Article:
The nearest to the real deal has been a slew of aging rockers living their second childhood; returning to their roots and youthful influences. Rod Stewart has released several marvelous collections of chestnuts. And it's almost requisite that fading rock divas discover the blues as their careers decline. Before Linda Rondstadt scored with Nelson Riddle in the '80s, and after her last rock album fizzled, she recorded and shelved an album worthy of Lady Sings The Blues. She teamed with Jerry Wexler and several of the greatest living jazz musicians in an ensemble aiming for the depression of a smoky dive and femme fatale who bled tears, bile, and rasp into a mike while patrons obviated despair with foreign weed and domestic moonshine. Like all of Wexler's productions, the recordings steam, but rather than sizzle with the sound of chitlins and pig's ears, Rondstadt's interpretations break a sweat like a martini glass on a summer evening.

While Rondstadt isn't the reincarnation of Billie Holiday, she swung a respectable punch, and like the Alison of her pop hit, Rondstadt's aim was true, even if the shot wasn't a bull's-eye to the heart, it ended somewhere near the solar plexus. Speaking of hitting shots, Pat Benatar's best left some critics crying for the wrong reasons. Benatar attempted Rondstadt's post-rock path, but as one critic noted, in order to sing the blues you have to live them first.

The real deal might seem archaic to contemporary radio. It's hip to have Rickie Lee Jones and Chaka Khan blasting bluesy jazz. Jazz has always entertained a certain hipness ever since white intellectuals loitered in Harlem nightclubs soaking up the sounds as if osmosis might transform themselves into something nearly as dizzying and dazzling as the music. There was nothing hip about the blues. Urban intellectuals envisioned themselves as cool, sophisticated, and cultured - something rural America wasn't. Both hillbilly and blues music were stranded in watering holes until the factories transported a substantial percentage of the Southern population north and west to Chicago, Detroit, and Los Angeles.

Despite their cosmopolitan allure, the cities claimed their share of ghettos, and some blacks discovered that, damn it, they still couldn't lose their blues. Some considered gospel music a panacea, but others dismissed the jubilant shouts proclaiming better times nothing more than a foolish palliative to their dilemma, one that was better soothed with a shot of whiskey. Toothless geniuses belted out the blues and no dictionary was required to define their music. It was pain pure and simple - the kind of pain drunk on anger, despair, and bitterness. Wimps sang for salvation. Bluesmen sang for their supper in a world where the meat a knife sliced was more often human than cattle.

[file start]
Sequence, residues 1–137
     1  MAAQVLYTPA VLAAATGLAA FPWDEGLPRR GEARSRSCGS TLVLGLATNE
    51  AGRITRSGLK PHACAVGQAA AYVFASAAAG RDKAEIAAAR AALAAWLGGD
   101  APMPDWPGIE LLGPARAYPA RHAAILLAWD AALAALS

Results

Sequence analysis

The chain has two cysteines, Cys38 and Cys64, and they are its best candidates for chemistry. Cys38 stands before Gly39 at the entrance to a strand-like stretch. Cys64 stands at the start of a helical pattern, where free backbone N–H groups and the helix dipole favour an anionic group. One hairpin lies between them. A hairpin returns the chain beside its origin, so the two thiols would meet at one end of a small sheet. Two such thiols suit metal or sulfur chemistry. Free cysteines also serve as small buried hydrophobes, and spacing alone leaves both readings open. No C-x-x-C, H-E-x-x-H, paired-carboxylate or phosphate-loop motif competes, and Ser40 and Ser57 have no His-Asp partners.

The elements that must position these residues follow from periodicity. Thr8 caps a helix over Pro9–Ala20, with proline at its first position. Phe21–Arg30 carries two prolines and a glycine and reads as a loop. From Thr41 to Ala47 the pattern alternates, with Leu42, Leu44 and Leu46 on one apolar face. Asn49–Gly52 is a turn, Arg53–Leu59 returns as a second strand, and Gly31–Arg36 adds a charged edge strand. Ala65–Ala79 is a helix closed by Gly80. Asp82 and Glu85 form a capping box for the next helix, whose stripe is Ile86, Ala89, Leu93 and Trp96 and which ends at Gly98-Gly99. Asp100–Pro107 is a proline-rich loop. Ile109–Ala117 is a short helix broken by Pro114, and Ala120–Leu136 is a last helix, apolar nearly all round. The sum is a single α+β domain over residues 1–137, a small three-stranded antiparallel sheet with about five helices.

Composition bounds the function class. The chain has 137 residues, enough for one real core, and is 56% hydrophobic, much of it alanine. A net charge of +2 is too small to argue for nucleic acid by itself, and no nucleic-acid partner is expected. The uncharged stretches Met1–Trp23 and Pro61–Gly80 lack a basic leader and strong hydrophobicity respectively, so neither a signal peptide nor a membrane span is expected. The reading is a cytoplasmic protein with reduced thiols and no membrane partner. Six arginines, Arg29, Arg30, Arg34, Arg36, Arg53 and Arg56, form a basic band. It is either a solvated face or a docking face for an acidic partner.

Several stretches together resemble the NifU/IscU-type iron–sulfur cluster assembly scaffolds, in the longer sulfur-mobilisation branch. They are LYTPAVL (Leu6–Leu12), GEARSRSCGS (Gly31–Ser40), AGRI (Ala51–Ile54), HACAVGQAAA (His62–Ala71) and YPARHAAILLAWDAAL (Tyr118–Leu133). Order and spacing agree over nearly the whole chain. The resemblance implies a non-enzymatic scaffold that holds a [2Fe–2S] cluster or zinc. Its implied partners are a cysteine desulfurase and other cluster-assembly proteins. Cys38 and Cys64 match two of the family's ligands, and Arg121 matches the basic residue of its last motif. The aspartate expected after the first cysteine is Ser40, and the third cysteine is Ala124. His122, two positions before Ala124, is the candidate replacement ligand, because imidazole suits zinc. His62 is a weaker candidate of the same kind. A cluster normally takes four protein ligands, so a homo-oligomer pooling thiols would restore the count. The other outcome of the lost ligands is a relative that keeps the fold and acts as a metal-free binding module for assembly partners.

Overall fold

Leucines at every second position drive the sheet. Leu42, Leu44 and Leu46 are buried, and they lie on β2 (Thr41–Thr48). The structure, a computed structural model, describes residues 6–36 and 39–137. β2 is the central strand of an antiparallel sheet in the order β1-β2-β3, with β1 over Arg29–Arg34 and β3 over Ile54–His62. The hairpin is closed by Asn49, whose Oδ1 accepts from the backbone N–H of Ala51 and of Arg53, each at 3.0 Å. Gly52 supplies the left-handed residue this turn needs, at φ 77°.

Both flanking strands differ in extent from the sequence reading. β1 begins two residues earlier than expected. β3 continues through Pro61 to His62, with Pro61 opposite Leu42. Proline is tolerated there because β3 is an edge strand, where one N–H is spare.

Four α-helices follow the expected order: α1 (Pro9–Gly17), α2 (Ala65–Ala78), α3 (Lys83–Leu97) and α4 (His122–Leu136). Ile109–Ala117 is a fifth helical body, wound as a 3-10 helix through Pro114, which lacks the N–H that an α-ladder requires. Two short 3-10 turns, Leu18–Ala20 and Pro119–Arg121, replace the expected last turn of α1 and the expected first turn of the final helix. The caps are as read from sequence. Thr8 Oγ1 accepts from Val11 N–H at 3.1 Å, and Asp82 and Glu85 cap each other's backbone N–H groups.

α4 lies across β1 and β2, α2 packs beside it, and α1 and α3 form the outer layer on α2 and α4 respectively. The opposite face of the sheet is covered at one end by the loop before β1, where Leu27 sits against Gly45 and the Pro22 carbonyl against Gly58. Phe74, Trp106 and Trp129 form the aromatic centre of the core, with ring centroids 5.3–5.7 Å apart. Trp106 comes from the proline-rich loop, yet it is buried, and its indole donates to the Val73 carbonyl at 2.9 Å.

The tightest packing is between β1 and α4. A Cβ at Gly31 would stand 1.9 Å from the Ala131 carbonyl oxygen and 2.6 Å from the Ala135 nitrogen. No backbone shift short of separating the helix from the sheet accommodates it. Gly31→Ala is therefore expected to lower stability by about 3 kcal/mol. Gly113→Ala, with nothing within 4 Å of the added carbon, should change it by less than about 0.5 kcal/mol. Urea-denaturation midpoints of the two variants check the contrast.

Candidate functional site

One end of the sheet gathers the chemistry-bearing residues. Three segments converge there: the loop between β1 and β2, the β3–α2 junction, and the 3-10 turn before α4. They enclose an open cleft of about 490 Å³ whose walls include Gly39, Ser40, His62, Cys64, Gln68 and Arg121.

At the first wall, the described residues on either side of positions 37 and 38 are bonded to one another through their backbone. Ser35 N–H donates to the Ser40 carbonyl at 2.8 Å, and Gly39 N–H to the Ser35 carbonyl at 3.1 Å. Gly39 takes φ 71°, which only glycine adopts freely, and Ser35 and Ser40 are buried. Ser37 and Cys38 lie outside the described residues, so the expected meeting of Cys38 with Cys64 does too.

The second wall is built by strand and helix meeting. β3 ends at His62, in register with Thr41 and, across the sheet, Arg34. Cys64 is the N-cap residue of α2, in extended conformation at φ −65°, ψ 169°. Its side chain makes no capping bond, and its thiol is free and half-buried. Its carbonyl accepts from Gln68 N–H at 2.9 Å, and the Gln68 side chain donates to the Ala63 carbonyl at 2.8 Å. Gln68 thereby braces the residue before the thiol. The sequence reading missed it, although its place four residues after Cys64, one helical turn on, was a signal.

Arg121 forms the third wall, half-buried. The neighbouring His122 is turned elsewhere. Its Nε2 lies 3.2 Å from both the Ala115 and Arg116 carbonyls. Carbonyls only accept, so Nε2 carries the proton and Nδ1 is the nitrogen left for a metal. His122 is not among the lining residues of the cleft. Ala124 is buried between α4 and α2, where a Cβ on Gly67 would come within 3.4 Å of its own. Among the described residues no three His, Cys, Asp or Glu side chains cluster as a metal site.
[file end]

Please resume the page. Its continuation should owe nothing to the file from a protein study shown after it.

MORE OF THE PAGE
Even the women were brawlers. The Rolling Stone Album Guide describes Bessie Smith - universally praised as Empress of the Blues - as a woman:

fueled by rage and anger. A woman of overpowering passions, she had a reputation as a hard drinker whose temper was of the hair-trigger variety that would sometimes result in physical attacks, the most memorable being the occasion where she learned of her husband's infidelity and proceeded to trash both their hotel room and him. One can hear in her dark, powerful voice the brooding intensity of someone who has been deeply wounded and sees no light ahead.

Mahalia Jackson emulated Smith's power, bringing the powerhouse vocals into gospel, but even in the worst of times, there was always a flicker of hope in her artistry. While Jackson was anticipating the promised land, Smith figured she didn't have a prayer. But if she was the Hellbound Express, she was hell-bent on picking up as many passengers as possible at every chance and stop along the way.

Archetypal snapshots of the blues greats linger around the periphery of the public consciousness. When the blues are mentioned, suburbanites envision the battered faces, bad choppers, and defeated demeanor. But the blues are more than surrender. Blues greats take no prisoners on their way down; as the music attests, their demise is seldom quiet. Their defiance gave rock 'n roll its bad boy persona with Mick Jagger and Keith Richards assuming more than the bluesman's art. Richards' gravely face is etched with past exploits of too much whiskey, drama, and trouble. The difference is that Richards is celebrated as a global icon with endless wealth while the average bluesman was derided as a community hazard often finding himself a resident of either a jail or pauper's grave.

Several years ago, Martin Scorsese shed some light on those, like Bessie Smith, who saw none ahead. As I search for a reincarnation or even a decent imitation of the blues greats, I'm in Bessie's boat. Well, on second thought, every once in a while, I do hear someone giving off a flicker of hope, even if they exactly aren't lighting or carrying the torch. Maybe I should stop whining, spin an old Etta James disc and have a blue Christmas anyhow.

Writer's Note: Several portions of this post appeared in an earlier article I wrote several years ago on Martin Scorsese's "The Blues."